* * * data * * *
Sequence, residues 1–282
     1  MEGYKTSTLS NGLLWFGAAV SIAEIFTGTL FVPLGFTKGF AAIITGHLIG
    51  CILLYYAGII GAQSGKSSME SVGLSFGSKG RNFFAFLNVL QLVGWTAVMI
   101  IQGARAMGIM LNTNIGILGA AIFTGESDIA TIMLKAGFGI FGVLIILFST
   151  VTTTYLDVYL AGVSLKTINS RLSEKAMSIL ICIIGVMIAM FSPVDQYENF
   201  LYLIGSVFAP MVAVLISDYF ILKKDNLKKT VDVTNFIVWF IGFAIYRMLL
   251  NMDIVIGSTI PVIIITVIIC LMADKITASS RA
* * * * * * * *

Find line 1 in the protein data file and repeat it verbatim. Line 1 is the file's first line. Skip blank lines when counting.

Sequence, residues 1–282